More than 120 world leaders are gathered in Glasgow for the U.N. Climate Change Conference of the Parties (COP26), which began on Oct. 12 and lasts through Nov. 12.
A photo shared by thousands of online users claims to show 400 jets that were used to fly the attendees to the conference.
“These are the 400 jets used by #COP26Glasgow attendees to get to a conference on reducing emissions and fossil fuels. Clearly there will be fierce competition here for the Hypocrisy Awards,” Dinesh D’Souza wrote on Twitter. That tweet had more than 9,000 retweets and over 23,000 likes.
D’Souza is a political commentator who pleaded guilty to violating federal campaign laws and then was pardoned in May 2018 by former President Donald Trump. He has around 1.8 million followers on Twitter.
Does this photo show the jets used by COP26 attendees to fly into Glasgow for the climate summit?
No, this photo was taken in 2013 and shows the New Orleans Lakefront Airport ahead of the 2013 Super Bowl, which was hosted in New Orleans.
WHAT WE FOUND
Using reverse image search, VERIFY could trace this image to an article from Aviation International News (AIN) that was published on Feb. 5, 2013, two days after the Super Bowl was hosted in New Orleans, Louisiana.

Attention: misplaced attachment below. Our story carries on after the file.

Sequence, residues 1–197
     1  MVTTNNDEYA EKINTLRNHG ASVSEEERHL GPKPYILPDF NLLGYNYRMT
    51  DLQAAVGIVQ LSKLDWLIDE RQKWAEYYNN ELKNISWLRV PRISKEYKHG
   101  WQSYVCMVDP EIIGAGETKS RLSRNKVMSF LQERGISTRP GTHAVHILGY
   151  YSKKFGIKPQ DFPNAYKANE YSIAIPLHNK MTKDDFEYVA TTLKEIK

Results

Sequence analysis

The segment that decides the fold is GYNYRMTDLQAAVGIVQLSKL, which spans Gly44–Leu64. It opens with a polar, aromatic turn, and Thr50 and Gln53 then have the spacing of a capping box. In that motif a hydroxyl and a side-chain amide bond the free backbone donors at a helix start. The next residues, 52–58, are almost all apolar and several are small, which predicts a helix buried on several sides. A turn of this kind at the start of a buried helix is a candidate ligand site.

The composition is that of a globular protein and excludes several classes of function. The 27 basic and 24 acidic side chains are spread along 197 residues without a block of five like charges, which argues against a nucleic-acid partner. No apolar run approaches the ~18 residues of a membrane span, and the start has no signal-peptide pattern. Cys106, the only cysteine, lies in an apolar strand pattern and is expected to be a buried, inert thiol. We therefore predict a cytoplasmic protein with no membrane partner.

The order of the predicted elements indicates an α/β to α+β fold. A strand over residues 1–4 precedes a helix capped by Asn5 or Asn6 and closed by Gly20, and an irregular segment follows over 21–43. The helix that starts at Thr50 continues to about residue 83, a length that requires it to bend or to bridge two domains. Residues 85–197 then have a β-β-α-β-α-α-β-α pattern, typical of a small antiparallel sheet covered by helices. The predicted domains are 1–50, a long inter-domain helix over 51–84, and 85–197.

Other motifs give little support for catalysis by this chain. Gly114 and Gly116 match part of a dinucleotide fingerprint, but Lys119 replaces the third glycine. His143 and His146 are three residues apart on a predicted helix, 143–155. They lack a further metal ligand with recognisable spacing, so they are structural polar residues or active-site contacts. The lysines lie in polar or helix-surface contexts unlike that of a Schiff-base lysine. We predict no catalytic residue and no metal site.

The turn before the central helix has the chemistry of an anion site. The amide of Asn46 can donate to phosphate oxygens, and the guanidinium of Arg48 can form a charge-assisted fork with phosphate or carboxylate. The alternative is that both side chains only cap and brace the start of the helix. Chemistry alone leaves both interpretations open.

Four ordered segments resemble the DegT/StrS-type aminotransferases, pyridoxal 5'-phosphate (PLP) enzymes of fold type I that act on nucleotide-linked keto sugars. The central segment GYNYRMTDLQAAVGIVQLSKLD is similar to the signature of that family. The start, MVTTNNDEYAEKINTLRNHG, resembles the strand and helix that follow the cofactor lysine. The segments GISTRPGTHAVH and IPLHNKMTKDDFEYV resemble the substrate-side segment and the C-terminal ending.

The article was about how the New Orleans Lakefront Airport “nearly reached its imposed limit of approximately 600 aircraft” during the weekend of the game. The photo used at the top of the article is the same photo being used online in the COP26 “400 jets” claim.
The photo was credited to David G. Spielman, who is a New Orleans-based photographer.
VERIFY could confirm the photo was taken from New Orleans Lakefront Airport using Google Maps street view. The same buildings, driveways and road patterns seen in the shared photo can be seen via satellite imagery.
This YouTube video showing the airport during Super Bowl weekend, taken from a Flightline First plane, also shows the same scene seen in the photos. The parked planes, buildings and road pattern can be seen at just past the 1-minute mark.